The reason i say talk to the developer of the app is that they typically know how to contact apple and report bugs (via Radar) so that they can be resolved. Plus they'd be interested in following up with Apple if the problem continues.
  22. stillnotsold macrumors newbie

    Apr 26, 2011
    2cents worth from newbie

    Great information in this long running thread!

    FWIW...I've had a 3Gen 64G Touch since Sept 2010. Started noticing horrible battery life this past January. Called Apple Tech Support and they suggested I setup appointment with local Apple Store Support Desk. Took it in and the Support rep tested battery (checked out OK) and then IMMEDIATELY showed me how to run task manager and close apps (I was unaware of this "feature" so every app I'd opened since Sept 2010 was still open). He said that would fix the problem and it has.

    Not providing an appkiller-type program for IPhones/iPods/iPads just seems idiotic to me if Apple support acknowledges that leaving apps "open" effects battery life.

    The conspiracy theorist in me wonders if the cell phone companies don't want any easy method for closing apps when they switch to tiered pricing for data access in the near future. :eek:
  23. Goodz macrumors newbie

    Apr 28, 2011
    I do tech support for an independent company that bought 4,000 iPhone 4's last year. One of the major problems with the phone is the iOS4. The multitasking "feature" is terrible. It doesn't work as intended for every app, especially ours, and is a pain to deal with. We have to tell the people we gave phones to every day how to kill all the apps and power cycle the phone so it works 'normal' again. The process of killing all the apps is tedious and not easy to do if you are not tech savvy, which most of our clients are not. I have also noticed the difference in battery life between killing all apps vs not killing any apps and the phone DOES die much quicker when you don't kill the apps on a daily, or at the very least weekly basis. I have also noticed, and have confirmed with clients, that the phone 'heats up' and 'gets very hot' from time to time. Killing all the apps and power cycling the phone seems to fix that as well. So for all you experts on here who say that there isn't a problem with the iOS4 multitasking feature, you obviously don't do tech support for a living with these devices.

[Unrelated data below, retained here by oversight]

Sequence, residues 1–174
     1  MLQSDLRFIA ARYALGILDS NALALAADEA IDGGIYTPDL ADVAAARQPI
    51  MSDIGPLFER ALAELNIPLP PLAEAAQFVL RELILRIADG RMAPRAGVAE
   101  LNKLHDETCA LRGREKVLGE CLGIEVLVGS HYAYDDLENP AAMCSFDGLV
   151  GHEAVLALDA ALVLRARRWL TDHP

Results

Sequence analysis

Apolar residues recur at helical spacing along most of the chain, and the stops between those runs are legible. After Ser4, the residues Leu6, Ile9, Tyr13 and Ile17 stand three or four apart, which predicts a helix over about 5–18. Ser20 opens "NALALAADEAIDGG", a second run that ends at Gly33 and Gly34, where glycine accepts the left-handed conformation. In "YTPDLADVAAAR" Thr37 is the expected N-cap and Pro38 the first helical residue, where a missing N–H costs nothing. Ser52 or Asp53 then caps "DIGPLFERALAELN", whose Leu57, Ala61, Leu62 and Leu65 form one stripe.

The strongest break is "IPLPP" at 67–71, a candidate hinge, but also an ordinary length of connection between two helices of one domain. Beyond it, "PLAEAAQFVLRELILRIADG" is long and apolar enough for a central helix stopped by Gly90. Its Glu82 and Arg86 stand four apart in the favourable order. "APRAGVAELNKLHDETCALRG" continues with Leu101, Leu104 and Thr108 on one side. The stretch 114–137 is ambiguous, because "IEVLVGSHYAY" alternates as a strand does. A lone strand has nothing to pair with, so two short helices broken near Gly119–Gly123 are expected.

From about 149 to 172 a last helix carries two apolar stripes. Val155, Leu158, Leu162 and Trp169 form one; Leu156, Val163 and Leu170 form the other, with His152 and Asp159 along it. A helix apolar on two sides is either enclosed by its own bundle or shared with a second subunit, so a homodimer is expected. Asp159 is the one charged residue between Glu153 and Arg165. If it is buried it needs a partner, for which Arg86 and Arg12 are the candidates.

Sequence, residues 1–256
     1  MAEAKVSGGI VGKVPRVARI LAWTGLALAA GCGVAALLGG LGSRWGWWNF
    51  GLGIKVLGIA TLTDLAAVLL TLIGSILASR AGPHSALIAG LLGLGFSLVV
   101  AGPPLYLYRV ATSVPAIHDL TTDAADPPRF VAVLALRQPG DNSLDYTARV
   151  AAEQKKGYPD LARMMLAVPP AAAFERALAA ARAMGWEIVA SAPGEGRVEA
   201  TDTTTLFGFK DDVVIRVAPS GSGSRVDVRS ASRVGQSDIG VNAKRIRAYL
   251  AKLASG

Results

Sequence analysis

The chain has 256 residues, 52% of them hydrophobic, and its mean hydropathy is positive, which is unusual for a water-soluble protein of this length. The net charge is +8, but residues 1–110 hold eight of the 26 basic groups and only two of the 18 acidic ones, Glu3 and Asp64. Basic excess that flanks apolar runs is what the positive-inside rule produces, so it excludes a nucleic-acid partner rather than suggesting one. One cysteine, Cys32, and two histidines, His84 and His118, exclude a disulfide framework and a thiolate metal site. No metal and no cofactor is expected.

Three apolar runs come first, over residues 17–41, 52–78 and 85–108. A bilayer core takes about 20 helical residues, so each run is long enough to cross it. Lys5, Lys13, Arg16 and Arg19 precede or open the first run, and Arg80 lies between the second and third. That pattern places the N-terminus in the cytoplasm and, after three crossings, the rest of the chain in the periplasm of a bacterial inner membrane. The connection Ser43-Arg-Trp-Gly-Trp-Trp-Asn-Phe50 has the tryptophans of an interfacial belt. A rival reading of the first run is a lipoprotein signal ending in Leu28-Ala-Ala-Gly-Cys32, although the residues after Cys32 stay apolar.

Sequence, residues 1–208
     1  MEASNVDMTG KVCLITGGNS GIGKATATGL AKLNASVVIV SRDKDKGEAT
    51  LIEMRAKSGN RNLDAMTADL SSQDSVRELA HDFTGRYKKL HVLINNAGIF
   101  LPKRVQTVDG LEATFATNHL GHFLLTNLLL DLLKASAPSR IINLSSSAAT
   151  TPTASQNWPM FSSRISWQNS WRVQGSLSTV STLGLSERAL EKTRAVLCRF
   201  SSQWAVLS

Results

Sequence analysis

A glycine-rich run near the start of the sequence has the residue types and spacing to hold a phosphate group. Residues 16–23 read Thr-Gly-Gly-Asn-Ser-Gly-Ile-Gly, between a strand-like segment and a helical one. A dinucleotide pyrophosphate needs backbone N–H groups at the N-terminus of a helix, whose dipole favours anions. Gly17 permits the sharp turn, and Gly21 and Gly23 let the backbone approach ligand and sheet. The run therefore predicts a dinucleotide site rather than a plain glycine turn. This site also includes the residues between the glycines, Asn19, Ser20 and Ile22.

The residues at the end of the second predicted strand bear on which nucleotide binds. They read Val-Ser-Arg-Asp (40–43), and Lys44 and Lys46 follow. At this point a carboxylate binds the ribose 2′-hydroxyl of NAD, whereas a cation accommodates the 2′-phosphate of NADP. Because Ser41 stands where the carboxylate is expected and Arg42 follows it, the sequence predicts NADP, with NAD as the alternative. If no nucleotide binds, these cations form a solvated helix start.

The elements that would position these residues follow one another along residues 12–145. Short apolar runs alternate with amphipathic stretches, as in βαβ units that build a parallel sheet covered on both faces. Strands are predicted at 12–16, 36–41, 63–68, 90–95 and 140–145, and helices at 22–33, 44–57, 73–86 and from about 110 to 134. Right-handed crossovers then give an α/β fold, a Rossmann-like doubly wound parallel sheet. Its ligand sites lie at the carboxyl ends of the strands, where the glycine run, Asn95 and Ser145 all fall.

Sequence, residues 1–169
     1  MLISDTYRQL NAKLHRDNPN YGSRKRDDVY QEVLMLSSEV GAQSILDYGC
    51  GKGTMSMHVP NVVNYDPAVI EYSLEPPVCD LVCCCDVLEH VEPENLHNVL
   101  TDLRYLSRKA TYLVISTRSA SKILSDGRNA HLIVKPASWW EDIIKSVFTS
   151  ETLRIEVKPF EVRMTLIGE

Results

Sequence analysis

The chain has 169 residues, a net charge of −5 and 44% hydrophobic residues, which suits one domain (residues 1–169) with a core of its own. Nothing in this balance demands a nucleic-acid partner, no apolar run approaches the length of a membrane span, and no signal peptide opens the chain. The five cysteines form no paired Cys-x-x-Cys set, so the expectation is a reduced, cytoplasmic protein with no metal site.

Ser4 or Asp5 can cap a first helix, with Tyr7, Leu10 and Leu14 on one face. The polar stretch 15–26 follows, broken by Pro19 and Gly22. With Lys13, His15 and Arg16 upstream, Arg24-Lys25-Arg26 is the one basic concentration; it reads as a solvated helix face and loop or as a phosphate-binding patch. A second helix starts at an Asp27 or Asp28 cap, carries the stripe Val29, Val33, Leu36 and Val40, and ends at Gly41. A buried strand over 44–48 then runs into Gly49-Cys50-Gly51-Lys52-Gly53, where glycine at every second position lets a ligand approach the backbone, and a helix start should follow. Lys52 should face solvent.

24. immortalsoule macrumors newbie

    Dec 11, 2007
    I tried to tell 'em, but some just won't listen. I was waiting for someone like you to come around and set the record straight. :p
  25. gzlm4t macrumors newbie

    Jun 1, 2011
    I am so happy to find this! I noticed my battery getting worse and worse on my iPod Touch 4 that I bought 2 months ago. I thought it was the iOS 4.3.3 update. I just killed all the apps in that taskbar and am hoping my battery life returns. After finding this thread, I did find in the manual this:

    View your recently used apps (iPod touch 3rd generation or later): Double-click the
    Home button.
    Remove an app from the recents list: Touch and hold the app icon until it begins to jiggle, then tap . Removing an app from the recents list also forces it to quit.

    Thanks to all the practical users out there!